Click for details: 1983 Volkswagen GTI on eBay
Last summer I saw this insane VW Rabbit Pickup concoction rocking an extended cab, air bags, and monochrome dark green interior to match the exterior. It still has the 1.5-liter diesel lump to pull all that extra weight, but that’s not the only explanation for it still sitting outside the same garage it was almost a year ago. At first, the seller had it for sale for $11k, but it didn’t sell. Then he made it a reserve auction with the Buy It Now at $11k and it got up to $4,600 but didn’t crack the reserve. He tried again, and it only reached $4,500. Third times a charm with the same auction, right? Nope, then he only got to $4,300. It’s almost as if the eBay bidders were taunting him. Well, he’s trying a different tack now: Start the bidding at $6,500 and lower the Buy It Now to $8,500. I feel a little bad for the guy; as stated in my original post, this truck has clearly taken a ton of time, money, and work. Unfortunately, the market for custom extended, ground-rubbing diesel Rabbit Pickups seems to be very small and capped around $5k. I wish him the best, but wouldn’t bet on it selling yet.
The below post originally appeared on our site August 9, 2015:
Click for details: 1983 Volkswagen Rabbit Pickup
I’m going to get back to basics today with this Black 1983 Porsche 930, located in Boston, with 48,997 miles on it. A Black 930 is a frequent resident of these pages and even for someone like me who really enjoys brightly colored cars these still possess their own singular allure. Of course, the 930 itself is far from basic machinery and provides a combination of performance and luxury rivaled by few cars in its day. While they are eclipsed by modern supercars in each regard they possess a raw ferocity that commands a driver’s attention and rewards those who master their sometimes difficult dynamics. A heavy does of rear power will do that. This particular 930 was never available in the US market due to Porsche ceasing to send them over from 1980-1985. But examples from those years can be had now and this one looks in nice shape.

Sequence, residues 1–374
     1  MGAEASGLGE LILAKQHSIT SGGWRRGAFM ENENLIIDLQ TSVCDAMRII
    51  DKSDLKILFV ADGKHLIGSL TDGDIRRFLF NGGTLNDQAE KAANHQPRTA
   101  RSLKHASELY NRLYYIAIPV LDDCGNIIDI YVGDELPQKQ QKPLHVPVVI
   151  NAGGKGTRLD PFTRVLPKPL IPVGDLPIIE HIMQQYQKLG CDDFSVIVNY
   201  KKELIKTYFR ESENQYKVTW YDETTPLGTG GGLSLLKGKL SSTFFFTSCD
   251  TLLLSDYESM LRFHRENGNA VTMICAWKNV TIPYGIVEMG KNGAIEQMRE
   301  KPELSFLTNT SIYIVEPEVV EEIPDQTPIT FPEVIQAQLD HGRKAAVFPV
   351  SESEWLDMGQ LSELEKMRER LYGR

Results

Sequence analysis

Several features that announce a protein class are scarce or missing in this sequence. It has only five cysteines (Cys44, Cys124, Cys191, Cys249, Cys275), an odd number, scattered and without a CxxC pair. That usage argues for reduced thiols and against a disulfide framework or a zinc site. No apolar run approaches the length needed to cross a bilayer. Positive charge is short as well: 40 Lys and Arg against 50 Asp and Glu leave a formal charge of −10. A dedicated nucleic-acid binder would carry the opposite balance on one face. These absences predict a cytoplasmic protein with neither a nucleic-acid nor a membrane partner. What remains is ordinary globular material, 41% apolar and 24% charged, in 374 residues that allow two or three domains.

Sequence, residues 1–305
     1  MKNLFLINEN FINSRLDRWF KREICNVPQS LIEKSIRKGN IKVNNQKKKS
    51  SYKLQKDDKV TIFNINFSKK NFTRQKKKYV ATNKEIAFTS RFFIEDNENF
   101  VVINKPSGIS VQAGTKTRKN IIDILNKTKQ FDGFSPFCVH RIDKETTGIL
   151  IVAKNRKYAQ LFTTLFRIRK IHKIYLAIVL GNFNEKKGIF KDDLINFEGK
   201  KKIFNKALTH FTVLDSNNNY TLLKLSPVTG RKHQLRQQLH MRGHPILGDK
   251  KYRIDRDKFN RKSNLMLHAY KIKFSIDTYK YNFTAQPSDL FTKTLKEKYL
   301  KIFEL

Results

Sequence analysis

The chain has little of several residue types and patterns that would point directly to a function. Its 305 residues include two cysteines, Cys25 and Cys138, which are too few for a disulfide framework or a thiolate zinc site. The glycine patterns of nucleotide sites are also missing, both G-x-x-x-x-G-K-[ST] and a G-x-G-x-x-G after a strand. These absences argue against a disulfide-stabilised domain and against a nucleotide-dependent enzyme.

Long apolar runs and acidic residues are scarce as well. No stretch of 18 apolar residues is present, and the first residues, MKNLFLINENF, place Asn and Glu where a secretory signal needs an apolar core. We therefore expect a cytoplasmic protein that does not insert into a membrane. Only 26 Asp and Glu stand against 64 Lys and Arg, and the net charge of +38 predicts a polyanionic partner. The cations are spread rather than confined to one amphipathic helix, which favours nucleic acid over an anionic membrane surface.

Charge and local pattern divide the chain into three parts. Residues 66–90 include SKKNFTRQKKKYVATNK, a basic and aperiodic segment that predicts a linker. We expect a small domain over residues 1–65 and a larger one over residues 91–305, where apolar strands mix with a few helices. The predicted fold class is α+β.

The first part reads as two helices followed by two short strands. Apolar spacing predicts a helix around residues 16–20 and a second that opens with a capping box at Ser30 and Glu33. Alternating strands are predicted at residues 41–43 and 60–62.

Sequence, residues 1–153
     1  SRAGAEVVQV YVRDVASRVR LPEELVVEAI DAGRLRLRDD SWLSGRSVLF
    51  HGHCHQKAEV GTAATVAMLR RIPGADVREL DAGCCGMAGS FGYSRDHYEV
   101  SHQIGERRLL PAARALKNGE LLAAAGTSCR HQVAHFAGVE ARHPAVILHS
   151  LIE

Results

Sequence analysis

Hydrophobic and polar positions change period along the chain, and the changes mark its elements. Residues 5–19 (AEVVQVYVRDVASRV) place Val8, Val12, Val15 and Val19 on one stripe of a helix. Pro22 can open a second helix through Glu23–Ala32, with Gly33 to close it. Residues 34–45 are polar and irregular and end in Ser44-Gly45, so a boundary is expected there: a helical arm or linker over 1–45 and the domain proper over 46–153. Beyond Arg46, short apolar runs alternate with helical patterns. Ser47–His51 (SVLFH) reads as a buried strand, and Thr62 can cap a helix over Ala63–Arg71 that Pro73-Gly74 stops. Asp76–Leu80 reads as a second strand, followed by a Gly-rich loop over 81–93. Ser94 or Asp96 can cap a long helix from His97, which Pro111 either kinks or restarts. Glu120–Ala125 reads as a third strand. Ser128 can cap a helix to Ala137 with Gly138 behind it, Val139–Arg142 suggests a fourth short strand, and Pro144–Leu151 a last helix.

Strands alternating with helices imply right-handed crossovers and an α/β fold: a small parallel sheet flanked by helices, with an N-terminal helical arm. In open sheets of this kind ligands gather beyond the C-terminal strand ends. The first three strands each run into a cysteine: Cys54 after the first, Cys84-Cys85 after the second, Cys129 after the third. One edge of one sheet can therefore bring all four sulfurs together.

CLICK FOR DETAILS: 1983 Porsche 930 on eBay
More often than not, the final iteration of vehicle within a production run turns out to be the best. It could be argued this was the case with the Mercedes-Benz W126 S-class. Making its debut in the early 1980s and lasting in production through 1991, there were many technical advancements along the way, with a facelift that streamlined the look in 1986. However, that leaves a bunch of cars from early days of a production run sitting around like unwanted step children, hence the case with this 380SEC for sale in Colorado. I much prefer the updated look and greater power from the later 560SEC, but one look over this grand coupe tells me this is no ordinary SEC, looking perfectly preserved at well over 30 years of age.